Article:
Impact Evaluation

Our theory of change is rooted in the belief that an increase in health knowledge leads to an increase in health-promoting behaviors, which ultimately results in improved health outcomes.

Our evaluation team works with both Stanford faculty experts across academic disciplines and collaborators around the world to identify opportunities for improvement in digital learning models. From smaller-scale case studies to large-scale randomized evaluations, we leverage both quantitative and qualitative methods to pilot and rigorously evaluate the use of digital health content.

We are a collaborative learning lab and share research to promote global advances in health education. We also use these learnings to iterate on our own digital health content creation and development.

Our Process

We apply a multipronged approach to evaluation through which we examine not just the effectiveness of interventions as an entirety, but also unpack the mechanisms of educational models to better understand the theory of change.

We examine a continuum of outcomes to understand the mechanisms of interventions, recognizing that changes to long-term health improvements must follow immediate impact on beneficiaries’ knowledge, skills acquisition, and behavior change.

Randomized Trial:

Story-based Breastfeeding Promotion in South Africa

Despite progress in reducing maternal, newborn and child mortality, more than 5 million children globally die before reaching their fifth birthday. Many of these deaths are the result of preventable diseases, which could be reduced by implementing health-promoting behaviors like exclusive breastfeeding.

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Narrative, story-based entertainment-education approaches to health education have emerged as potentially powerful strategies for promoting positive health behavior change. The characteristics of particularly impactful entertainment education include appealing narratives, high-quality production, persuasive and unobtrusive messages, and high potential for involvement or identification with the presenters or characters portrayed.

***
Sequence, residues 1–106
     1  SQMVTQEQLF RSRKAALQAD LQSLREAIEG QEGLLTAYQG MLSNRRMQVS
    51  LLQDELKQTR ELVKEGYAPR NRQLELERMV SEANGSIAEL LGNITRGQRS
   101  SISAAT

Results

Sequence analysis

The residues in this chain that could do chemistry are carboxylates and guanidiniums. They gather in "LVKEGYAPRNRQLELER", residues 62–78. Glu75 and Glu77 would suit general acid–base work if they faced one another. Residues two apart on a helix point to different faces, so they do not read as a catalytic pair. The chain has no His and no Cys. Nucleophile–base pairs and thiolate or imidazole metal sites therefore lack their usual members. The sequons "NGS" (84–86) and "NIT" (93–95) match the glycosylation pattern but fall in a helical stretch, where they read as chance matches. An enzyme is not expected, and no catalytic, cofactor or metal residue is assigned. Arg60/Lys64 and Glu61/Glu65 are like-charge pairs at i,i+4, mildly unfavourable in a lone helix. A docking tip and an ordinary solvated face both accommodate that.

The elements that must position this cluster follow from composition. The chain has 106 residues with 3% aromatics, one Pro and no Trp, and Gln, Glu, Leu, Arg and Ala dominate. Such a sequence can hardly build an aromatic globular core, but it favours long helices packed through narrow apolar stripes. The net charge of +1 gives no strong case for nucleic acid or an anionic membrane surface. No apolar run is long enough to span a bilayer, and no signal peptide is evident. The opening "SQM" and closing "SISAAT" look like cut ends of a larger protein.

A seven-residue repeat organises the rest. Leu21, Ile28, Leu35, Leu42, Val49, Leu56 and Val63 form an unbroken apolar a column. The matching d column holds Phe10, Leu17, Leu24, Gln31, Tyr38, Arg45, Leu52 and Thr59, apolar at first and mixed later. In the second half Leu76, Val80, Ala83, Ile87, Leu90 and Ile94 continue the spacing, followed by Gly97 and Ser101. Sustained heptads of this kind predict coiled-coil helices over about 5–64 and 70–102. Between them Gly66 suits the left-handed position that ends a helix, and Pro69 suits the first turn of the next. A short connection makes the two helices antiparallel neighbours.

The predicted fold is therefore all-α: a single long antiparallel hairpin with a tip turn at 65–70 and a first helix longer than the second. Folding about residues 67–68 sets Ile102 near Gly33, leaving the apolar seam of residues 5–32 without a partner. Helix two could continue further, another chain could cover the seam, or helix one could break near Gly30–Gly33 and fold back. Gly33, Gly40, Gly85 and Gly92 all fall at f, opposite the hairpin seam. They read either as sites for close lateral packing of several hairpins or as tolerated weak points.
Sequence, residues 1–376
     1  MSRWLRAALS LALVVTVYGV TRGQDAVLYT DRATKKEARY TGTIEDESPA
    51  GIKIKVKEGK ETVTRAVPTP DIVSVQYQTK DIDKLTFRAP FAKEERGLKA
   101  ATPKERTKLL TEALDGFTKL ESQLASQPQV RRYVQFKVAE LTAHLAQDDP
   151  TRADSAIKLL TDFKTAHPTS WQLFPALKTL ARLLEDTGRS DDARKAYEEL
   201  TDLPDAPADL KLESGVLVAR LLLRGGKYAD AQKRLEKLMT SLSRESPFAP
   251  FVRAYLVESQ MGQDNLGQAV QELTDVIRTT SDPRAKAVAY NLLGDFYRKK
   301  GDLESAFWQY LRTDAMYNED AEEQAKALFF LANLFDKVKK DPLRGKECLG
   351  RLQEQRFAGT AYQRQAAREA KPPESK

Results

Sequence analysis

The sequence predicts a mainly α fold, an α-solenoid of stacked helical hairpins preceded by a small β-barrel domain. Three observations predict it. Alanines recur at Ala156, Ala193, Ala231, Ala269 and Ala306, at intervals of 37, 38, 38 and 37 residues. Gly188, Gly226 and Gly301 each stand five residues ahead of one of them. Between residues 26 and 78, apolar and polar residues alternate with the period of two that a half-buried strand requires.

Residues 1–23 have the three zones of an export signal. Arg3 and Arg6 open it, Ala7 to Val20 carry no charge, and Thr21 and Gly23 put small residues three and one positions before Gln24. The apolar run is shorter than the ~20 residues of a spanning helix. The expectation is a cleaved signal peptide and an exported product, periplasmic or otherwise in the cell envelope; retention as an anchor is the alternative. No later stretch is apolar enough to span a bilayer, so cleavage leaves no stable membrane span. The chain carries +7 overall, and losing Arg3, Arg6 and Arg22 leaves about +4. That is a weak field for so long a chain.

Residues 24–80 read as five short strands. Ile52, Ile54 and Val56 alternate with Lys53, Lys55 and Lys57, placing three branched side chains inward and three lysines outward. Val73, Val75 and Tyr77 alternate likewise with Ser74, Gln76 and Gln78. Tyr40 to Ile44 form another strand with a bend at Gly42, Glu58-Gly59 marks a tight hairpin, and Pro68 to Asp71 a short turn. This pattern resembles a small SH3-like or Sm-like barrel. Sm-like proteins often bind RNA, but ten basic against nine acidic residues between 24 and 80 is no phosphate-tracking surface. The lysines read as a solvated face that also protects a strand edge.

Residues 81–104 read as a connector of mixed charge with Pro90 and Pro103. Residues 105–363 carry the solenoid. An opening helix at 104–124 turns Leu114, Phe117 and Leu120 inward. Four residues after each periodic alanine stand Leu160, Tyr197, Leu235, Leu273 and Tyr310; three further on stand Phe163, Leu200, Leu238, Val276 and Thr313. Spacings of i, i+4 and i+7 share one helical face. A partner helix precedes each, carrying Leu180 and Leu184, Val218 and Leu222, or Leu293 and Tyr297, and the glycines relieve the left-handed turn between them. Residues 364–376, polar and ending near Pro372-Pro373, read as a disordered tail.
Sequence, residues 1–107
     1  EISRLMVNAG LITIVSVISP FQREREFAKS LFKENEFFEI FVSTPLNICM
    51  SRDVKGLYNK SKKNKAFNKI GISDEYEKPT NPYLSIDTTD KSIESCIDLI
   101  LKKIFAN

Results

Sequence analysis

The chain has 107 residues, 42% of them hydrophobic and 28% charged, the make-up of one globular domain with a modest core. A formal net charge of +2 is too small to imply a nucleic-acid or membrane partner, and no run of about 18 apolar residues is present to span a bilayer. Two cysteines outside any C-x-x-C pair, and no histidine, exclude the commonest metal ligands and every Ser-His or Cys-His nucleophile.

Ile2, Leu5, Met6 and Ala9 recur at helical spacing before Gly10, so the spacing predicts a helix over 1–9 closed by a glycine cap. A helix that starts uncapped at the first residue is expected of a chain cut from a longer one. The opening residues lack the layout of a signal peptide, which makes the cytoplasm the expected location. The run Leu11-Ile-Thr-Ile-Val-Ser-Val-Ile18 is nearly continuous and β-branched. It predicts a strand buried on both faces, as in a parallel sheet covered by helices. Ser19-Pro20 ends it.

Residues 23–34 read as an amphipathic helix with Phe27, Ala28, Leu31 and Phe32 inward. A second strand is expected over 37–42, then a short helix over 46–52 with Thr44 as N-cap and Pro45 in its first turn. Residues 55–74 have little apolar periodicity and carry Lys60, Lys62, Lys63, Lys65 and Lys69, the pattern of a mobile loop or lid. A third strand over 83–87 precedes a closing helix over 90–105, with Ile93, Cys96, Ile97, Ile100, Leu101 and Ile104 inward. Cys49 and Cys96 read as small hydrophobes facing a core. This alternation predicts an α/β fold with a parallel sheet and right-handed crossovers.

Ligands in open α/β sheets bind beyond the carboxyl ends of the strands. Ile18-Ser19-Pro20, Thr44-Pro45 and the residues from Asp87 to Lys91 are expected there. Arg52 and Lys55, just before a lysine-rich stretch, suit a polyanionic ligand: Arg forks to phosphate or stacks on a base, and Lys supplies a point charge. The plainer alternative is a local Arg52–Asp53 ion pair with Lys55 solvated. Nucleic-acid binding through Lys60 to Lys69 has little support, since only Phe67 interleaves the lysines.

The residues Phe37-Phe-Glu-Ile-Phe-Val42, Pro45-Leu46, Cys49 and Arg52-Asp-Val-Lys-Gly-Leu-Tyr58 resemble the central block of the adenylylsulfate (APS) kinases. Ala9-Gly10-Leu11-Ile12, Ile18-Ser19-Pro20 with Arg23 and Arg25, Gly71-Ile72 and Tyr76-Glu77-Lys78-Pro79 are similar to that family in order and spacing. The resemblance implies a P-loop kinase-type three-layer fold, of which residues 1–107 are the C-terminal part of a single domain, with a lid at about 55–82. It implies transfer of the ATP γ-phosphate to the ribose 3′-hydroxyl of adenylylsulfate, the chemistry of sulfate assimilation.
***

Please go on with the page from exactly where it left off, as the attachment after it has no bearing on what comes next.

To better understand how such approaches can be used to promote exclusive breastfeeding, we worked with the Philani Maternal, Child Health and Nutrition Trust to conduct a cluster randomized controlled trial measuring the effect of a story-based video intervention developed by Digital Medic.

The trial took place in the Western Cape of South Africa, an area that has one of the lowest exclusive breastfeeding rates in the world. The intervention was delivered via Philani community health workers. In the control arm, health workers provided standard of care perinatal in-home counseling, while health workers in the treatment arm provided standard of care plus the video intervention. Learn more about the study and our learnings here.

Case Study:

Vaccine Education via Social Media for Indigenous Populations in Guatemala

The COVID-19 pandemic has highlighted several barriers to vaccination for Indigenous community members in rural Guatemala, including a lack of credible health information in local Mayan languages and pervasive misinformation.